Exploring a variety of textures, from the shimmering iridescent to pointed spikes, Lam’s sculptures appear almost lifelike, as if they were living organisms from a psychedelic universe. Simultaneously alluring and unsettling, their textures, candy colored hues and organic shapes draw the viewer in, tempting you to touch them and enter their alternate universe.

The exhibition will be on view through Saturday, May 25th. For more information, additional images, or exclusive content, please email nyc@hashimotocontemporary.com

About Dan
Dan Lam is a sculptor based in Texas where she creates otherworldly, psychedelic sculptures. Her work has been featured in New American Painting, Juxtapoz and The Creator’s Project, as well as exhibited extensively in the United States.

Hashimoto Contemporary 210 Rivington Street
New York, NY 10002

Art New York Highlight Exhibitor: Cavalier Gallery
Federico Uribe (Colombian, b. 1962)   Black Panther , 2017  Bullet Shells 36 x 72 x 12 in. (91.4 x 182.9 x 30.5 cm)

Federico Uribe (Colombian, b. 1962)
Black Panther, 2017
Bullet Shells
36 x 72 x 12 in. (91.4 x 182.9 x 30.5 cm)

Art New York 2019 at Pier 94

Thu, May 2 - Sun, May 5 

www.artnyfair.com

The highly-anticipated fifth edition of Art New York returns to Pier 94 from May 2-5 during the height of New York’s art and cultural season.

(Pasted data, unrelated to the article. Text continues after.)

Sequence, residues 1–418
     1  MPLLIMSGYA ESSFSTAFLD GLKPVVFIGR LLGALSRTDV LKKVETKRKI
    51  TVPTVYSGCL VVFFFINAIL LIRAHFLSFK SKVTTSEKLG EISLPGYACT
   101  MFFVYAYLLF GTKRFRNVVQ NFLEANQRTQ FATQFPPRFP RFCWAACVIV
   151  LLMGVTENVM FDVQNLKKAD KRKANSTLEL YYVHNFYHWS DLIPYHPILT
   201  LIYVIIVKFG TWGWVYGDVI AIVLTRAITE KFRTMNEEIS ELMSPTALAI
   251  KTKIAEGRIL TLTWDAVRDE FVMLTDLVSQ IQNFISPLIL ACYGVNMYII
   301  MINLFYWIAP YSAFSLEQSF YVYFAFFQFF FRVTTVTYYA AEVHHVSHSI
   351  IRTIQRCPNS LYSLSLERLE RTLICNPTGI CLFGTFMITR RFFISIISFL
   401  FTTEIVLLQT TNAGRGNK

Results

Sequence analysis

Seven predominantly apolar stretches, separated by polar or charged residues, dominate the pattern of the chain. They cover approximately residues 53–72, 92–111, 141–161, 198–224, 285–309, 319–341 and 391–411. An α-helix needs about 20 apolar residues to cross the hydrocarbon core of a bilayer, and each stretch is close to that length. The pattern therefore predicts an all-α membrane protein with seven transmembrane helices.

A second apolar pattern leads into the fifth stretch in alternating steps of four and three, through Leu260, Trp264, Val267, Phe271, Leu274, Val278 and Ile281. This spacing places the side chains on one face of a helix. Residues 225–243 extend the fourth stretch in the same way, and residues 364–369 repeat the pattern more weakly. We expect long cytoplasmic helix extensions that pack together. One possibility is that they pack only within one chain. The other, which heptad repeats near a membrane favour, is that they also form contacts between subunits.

The Fair showcases noteworthy works by important artists from the contemporary, modern, post-war and pop eras presented by more than 70 international galleries. Art New York provides a fresh alternative for acquiring important, never-before-exhibited works from both primary and secondary markets, including CONTEXT, a platform for a selection of new and established contemporary galleries showcasing emerging, mid-career and cutting-edge talent. The fair annually welcomes both experienced and new art collectors who are looking to experience a carefully-curated, rich-in-content presentation of the best in the global contemporary art market. 

Art New York, at Pier 94, will begin with an elegant, invitation-only VIP Preview event on Thursday, May 2 from 2:00 to 5:00PM. The special preview offers collectors, art advisors, curators, and media the opportunity to examine and acquire the finest works available in the market before the fair opens to the public that evening and continues through Sunday, May 5. 

Federico Uribe (Colombian, b. 1962)   I Love You , 2019  Bullet Shells 72 x 36 x 48 in. (182.9 x 91.4 x 121.9 cm)  ACPB0539


Federico Uribe (Colombian, b. 1962)

I Love You, 2019
Bullet Shells
72 x 36 x 48 in. (182.9 x 91.4 x 121.9 cm)
ACPB0539

Interview with Olivia Pek Gallery Associate, Cavalier Gallery

www.cavaliergalleries.com

Tell us about your gallery and the type of art you exhibit.

Adelson Galleries (New York and Boston) and Cavalier Galleries (New York, Nantucket, Greenwich) have partnered together in opening Adelson Cavalier Galleries on Worth Avenue in Palm Beach, Florida. With a combined 85 years of experience in the art business, each gallery brings their expertise in the fields of Impressionism, Realism, Modernism, and Contemporary Art. Adelson Cavalier Galleries exhibits emerging and established Contemporary artists, as well as historically significant artworks by 19th and 20th Century masters. Adelson Cavalier Galleries is open year-round with rotating exhibits.